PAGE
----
Wednesday, February 11, 2015


During some research for a thriller novel concept, I stumbled across The Wisdom of Psychopaths, What Saints, Spies and Serial Killers Can Teach Us About Success by Kevin Dutton. It’s a fascinating read, slightly humbling and frankly, shocking.

You see, Dr. Dutton says not every psychopath is a serial killer. If fact, most psychopaths aren’t wicked or crazy, but they are all charming, ruthless and live without fear or shame.

Does that sound like someone you know?

Of course it does. We have all met an individual who gets things done. The narcissistic, intelligent high-achiever who focuses and manipulates, who seduces and succeeds, and who takes risks and seizes control. And who’s mentally tough enough not to care how it’s done or who suffers as a result.

These are the qualities of great leaders. Think Type-A CEOs, cutting-edge surgeons, megastar actors, Olympic medalists, and charismatic politicians. It's dead obvious that you don’t get to the top without trampling, discarding, and terrorizing those poor suckers who happen to be in the way.

What’s astonishing is that they are exactly the same qualities found in violent psychopaths, except for one element.

Self-control or lack thereof.

That’s it, says Dutton. The psychopath who functions well in society exhibits self-control. The psychopath whose behaviour turns criminal, and sometimes sadistic, is ruled by impulsivity.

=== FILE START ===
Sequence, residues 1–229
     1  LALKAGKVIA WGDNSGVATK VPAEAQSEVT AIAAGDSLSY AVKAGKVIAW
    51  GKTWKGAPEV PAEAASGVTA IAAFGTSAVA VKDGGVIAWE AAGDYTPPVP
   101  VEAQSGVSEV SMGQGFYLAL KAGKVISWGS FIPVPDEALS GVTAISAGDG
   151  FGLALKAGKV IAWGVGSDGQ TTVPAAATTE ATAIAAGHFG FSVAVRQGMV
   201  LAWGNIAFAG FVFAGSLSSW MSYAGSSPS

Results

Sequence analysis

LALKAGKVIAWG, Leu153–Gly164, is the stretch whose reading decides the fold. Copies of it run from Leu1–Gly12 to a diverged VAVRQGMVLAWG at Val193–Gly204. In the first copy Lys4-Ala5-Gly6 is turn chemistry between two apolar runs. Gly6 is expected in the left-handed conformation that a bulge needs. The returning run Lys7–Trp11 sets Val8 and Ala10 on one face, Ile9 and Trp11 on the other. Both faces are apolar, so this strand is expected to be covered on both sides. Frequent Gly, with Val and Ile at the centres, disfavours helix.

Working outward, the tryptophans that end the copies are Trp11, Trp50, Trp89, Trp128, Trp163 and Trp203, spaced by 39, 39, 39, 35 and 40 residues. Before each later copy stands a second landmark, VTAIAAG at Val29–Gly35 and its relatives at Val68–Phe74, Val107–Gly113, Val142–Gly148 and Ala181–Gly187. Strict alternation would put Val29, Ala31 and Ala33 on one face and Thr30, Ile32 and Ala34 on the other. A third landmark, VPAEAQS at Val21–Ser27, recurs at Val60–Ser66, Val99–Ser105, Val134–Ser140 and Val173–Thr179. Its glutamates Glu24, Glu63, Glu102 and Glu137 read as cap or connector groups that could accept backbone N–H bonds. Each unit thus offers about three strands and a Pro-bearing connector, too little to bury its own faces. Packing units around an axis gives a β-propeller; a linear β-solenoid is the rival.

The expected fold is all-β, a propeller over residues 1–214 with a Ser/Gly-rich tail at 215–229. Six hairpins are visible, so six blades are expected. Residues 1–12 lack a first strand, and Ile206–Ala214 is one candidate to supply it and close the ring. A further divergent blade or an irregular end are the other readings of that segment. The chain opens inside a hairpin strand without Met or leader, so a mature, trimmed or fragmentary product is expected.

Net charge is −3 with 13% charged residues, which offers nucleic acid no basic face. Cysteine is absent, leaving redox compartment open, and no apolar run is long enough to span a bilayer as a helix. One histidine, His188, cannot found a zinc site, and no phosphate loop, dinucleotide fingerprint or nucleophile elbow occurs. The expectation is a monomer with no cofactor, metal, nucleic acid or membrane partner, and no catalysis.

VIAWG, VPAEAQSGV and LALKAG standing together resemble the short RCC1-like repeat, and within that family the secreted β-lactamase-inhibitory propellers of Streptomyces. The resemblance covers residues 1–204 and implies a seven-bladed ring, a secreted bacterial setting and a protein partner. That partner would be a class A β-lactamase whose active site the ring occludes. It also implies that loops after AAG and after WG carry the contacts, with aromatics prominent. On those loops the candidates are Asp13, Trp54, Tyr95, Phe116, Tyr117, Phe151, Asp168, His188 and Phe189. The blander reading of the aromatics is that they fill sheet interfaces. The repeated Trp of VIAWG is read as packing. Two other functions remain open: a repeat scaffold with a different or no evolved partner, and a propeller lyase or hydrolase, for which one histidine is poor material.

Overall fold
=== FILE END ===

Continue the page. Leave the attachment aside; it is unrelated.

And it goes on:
Yikes! Isn't that alarming? Just being a wee bit short on the ol’ restraint dial tips the balance between achieving greatness and doing great damage.

More astonishing is that less than 2 percent of the population embodies these psychopathic character traits. And yet, we know from our own common sense and experiences that this puny number is responsible for the vast majority of inventions, endeavours and changes that shape and (mostly) improve our lives. If I may take a riff off Winston Churchill, “Never in the field of human development was so much owed by so many to so few.”

Here’s where it gets appealing for writers. It can be tricky crafting a believable, sympathetic 3-D bad guy, you know, one who’s more guy than bad. (Yeah, the vast majority of psychopaths are male.) As in every great horror flick, the scariest monster isn’t the one sporting fangs or excessive body hair. It’s the quiet man, like Hannibal the Cannibal, with a deep dark secret who finally loses...well, you should be able to guess by now.

Take a bow. Of course, it’s his self-control. Talk about a fine line between Dr. Jekyll and Mr. Hyde.

This’s a character goldmine for thriller authors, and a lot of fun for everyone else. So, take a gander round and find the thriving psychopath in your life. And instead of being trampled, discarded or terrorized, why not just stand back, marvel, and wave him on to victory?

After all, without that fairy dusting of will power, your liver could very easily have graced his power lunch, along with “some fava beans and a nice Chianti.”

Nicola Furlong


Sharon Arthur Moore said...

Great post, Nicola. I have been collecting data on a variety of psychological profiles for some time (I even did a hybristophilia post for Halloween!). Fascinating stuff. Thanks for sharing.

Nicola Furlong said...

Thank you, Sharon. I loved the hybristophilia post. Cheers!

Doug Seaver said...

Great post! I might say that self control is what differentiates the psychopath from the self-centered, driven, ego maniac, rather than say both were psychopaths, one restrained and one not.

Nicola Furlong said...

Thanks, Doug. Appreciate your interest.

Carolyn Niethammer said...

Truly fascinating. I'm already using this info to modify my description of a bad guy in the book I'm currently writing. Thank you for this.